Differences in perspective may exist among medical professionals and within families regarding the use of prenatal testing. While most centers would consider use of prenatal testing to be a personal decision, discussion of these issues may be helpful.


GeneReviews staff has selected the following disease-specific and/or umbrella support organizations and/or registries for the benefit of individuals with this disorder and their families. GeneReviews is not responsible for the information provided by other organizations. For information on selection criteria, click here.

Molecular Genetics

Information in the Molecular Genetics and OMIM tables may differ from that elsewhere in the GeneReview: tables may contain more recent information. —ED.

Table A.

Spastic Paraplegia 8: Genes and Databases

GeneChromosome LocusProteinLocus-Specific DatabasesHGMDClinVar
WASHC5 8q24​.13 WASH complex subunit 5 KIAA0196 database WASHC5 WASHC5

Data are compiled from the following standard references: gene from HGNC; chromosome locus from OMIM; protein from UniProt. For a description of databases (Locus Specific, HGMD, ClinVar) to which links are provided, click here.

Table B.

OMIM Entries for Spastic Paraplegia 8 (View All in OMIM)


Molecular Pathogenesis

WASHC5 encodes strumpellin, a Wiskott-Aldrich syndrome (see WAS-Related Disorders) protein and Scar homolog (WASH) complex that also includes KIAA1033 (SWIP), FAM21, CCDC53, WASH1 [Derivery & Gautreau 2010, Pan et al 2010]. The protein contains one spectrin repeat and one highly conserved domain of unknown significance [Valdmanis et al 2007]. The spectrin domain is involved in interaction with the cytoskeletal matrix of the cell and can facilitate binding to other spectrin-repeat-containing proteins. The WASH complex is involved in retromer-dependent endosomal protein sorting. Strumpellin physically binds the valosin-containing protein (VCP) [Clemen et al 2010].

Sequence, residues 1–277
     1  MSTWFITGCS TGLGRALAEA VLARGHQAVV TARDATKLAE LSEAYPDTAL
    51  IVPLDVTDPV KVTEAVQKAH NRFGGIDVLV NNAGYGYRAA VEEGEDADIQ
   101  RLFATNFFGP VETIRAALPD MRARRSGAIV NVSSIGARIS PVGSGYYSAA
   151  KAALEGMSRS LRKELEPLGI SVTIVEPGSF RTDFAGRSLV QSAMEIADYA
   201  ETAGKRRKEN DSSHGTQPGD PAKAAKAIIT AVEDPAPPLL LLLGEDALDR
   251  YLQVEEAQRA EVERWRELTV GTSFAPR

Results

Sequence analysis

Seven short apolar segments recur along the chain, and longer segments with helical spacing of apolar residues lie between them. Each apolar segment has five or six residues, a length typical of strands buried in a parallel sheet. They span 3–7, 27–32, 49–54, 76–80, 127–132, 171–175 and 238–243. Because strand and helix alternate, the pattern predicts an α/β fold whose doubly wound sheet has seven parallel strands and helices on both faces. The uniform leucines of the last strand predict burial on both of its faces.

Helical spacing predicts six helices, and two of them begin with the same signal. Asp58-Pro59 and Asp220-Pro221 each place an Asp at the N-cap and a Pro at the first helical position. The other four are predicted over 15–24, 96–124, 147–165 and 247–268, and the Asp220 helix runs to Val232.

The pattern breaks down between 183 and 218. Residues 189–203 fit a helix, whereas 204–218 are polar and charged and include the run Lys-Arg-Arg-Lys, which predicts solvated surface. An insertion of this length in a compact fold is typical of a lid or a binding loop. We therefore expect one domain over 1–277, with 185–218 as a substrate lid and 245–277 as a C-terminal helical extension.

WASHC5 is expressed in all tissues; the mRNA is present in many regions of the brain [Valdmanis et al 2007].

Mechanism of disease causation. Unknown; however, a haploinsufficiency mechanism has been proposed based on the following:

A murine WASHC5 knockout was embryonic lethal when homozygous and did not show a clinical or biochemical phenotype when heterozygous [Jahic et al 2015].

Table 5.

Notable WASHC5 Pathogenic Variants

Reference SequencesDNA Nucleotide ChangePredicted Protein Change (Alias 1)Comment [Reference]
p.Val626PheIdentified in 4 families from North America & Britain, suggesting a recurrent variant [Valdmanis et al 2007]
c.2087G>Cp.Gly696AlaIdentified in a large Dutch family [de Bot et al 2013]
Variant w/youngest age of onset (5 yrs) [Ma et al 2018]
g.126138189_126142822del (4634 bp); del exons 11-15Large deletion, indicating haploinsufficiency as a potential mechanism [Ishiura et al 2014]

Variants listed in the table have been provided by the authors. GeneReviews staff have not independently verified the classification of variants.

GeneReviews follows the standard naming conventions of the Human Genome Variation Society (varnomen​.hgvs.org). See Quick Reference for an explanation of nomenclature.


Variant designation that does not conform to current naming conventions

Chapter Notes

Revision History

  • 21 May 2020 (bp) Comprehensive update posted live
  • 25 July 2013 (me) Comprehensive update posted live
  • 13 August 2008 (me) Review posted live
  • 16 June 2008 (pnv) Original submission


Published Guidelines / Consensus Statements

  • American Academy of Pediatrics Committee on Bioethics, Committee on Genetics; American College of Medical Genetics and Genomics Social, Ethical, and Legal Issues Committee. Ethical and policy issues in genetic testing and screening of children. Available online. 2013. Accessed 6-27-22. [PubMed: 23428972]
  • National Society of Genetic Counselors. Position statement on genetic testing of minors for adult-onset conditions. Available online. 2018. Accessed 6-27-22.